The brown-headed cowbird may parasitize this species. Indigo buntings abandon their nest if a cowbird egg appears before they lay any of their own eggs, but accept the egg after that point. Pairs with parasitized nests have less reproductive success. The bunting chicks hatch, but have lower survival rates as they must compete with the cowbird chick for food.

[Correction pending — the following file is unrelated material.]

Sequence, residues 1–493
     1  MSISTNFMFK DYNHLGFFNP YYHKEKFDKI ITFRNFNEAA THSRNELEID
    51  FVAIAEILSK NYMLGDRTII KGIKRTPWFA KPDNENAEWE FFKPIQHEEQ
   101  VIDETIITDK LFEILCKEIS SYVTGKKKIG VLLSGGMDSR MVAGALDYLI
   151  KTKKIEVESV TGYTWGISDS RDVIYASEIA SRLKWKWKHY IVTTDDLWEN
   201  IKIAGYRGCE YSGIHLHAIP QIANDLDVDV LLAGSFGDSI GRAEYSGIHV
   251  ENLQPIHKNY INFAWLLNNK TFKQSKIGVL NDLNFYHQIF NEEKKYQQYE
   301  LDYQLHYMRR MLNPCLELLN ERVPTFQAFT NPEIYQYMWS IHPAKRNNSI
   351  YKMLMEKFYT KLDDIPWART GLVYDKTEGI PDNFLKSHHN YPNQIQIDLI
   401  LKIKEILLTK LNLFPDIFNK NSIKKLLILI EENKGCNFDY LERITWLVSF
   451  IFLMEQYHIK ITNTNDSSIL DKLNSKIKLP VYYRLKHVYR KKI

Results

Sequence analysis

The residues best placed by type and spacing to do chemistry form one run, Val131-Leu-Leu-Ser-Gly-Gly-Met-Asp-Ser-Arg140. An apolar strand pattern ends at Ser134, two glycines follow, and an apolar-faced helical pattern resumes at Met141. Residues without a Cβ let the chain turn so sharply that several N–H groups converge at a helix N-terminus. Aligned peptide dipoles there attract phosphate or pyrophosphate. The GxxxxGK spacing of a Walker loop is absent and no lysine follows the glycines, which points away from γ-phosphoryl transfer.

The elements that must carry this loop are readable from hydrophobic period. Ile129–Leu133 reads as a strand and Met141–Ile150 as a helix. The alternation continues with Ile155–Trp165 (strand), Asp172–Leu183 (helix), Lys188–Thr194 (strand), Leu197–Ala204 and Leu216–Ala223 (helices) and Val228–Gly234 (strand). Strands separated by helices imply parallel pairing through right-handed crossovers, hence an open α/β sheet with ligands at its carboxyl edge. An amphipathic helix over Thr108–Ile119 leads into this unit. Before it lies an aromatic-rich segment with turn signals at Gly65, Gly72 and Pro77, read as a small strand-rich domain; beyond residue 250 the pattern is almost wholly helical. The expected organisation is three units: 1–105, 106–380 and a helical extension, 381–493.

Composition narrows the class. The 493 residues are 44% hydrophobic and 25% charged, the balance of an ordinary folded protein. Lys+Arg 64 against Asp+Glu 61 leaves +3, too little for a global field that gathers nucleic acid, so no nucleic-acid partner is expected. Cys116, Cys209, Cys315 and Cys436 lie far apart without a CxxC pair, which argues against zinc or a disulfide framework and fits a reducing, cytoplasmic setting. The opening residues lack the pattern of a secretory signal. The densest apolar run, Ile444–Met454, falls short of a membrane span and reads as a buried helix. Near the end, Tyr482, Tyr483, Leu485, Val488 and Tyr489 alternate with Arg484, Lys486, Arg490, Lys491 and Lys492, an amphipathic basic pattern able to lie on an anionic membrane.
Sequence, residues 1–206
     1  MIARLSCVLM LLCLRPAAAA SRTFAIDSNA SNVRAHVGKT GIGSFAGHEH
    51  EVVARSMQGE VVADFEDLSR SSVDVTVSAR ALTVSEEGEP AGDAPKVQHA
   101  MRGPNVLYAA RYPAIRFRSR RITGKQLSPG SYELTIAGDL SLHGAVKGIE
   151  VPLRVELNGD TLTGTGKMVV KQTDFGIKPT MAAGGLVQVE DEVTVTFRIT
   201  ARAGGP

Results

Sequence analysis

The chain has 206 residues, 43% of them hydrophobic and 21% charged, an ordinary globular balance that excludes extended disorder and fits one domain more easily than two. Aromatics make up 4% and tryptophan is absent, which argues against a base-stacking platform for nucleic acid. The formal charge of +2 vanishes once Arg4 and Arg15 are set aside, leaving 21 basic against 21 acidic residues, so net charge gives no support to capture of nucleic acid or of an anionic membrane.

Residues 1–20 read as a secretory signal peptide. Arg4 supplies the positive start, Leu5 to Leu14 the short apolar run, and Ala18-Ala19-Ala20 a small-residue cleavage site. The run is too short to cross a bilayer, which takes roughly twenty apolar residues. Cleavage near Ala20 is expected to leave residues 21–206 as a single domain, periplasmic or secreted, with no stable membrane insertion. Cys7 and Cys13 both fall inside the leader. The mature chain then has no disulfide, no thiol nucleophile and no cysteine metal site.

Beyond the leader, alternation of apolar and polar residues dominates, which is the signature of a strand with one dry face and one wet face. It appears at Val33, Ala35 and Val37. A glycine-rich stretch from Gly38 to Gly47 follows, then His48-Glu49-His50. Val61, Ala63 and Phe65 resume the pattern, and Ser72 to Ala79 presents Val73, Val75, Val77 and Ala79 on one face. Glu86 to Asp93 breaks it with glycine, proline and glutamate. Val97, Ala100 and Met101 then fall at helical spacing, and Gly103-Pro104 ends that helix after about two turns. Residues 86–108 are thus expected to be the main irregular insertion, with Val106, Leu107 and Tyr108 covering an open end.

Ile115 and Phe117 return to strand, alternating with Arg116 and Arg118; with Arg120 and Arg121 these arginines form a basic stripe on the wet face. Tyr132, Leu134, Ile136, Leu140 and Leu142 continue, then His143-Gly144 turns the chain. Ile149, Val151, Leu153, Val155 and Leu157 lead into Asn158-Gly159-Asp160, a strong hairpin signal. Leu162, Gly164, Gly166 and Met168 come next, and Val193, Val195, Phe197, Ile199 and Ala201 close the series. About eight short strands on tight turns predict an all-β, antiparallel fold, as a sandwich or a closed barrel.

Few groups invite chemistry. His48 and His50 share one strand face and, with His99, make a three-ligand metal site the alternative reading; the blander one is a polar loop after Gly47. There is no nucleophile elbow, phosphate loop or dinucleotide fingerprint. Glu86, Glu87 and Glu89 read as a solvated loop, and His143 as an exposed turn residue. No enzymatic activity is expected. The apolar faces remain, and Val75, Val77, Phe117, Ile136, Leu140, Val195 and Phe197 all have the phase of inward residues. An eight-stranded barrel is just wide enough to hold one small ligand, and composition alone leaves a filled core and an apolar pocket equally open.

This is a migratory bird, with nesting grounds across most of the southern half of the United States and much of northern Mexico, migrating south to Central America and in very small numbers to northern South America; the southernmost record comes from eastern Ecuador. It eats mostly insects, but it will also eat snails, spiders, seeds, grains, and wild fruits. The blue grosbeak forages on the ground and in shrubs and trees.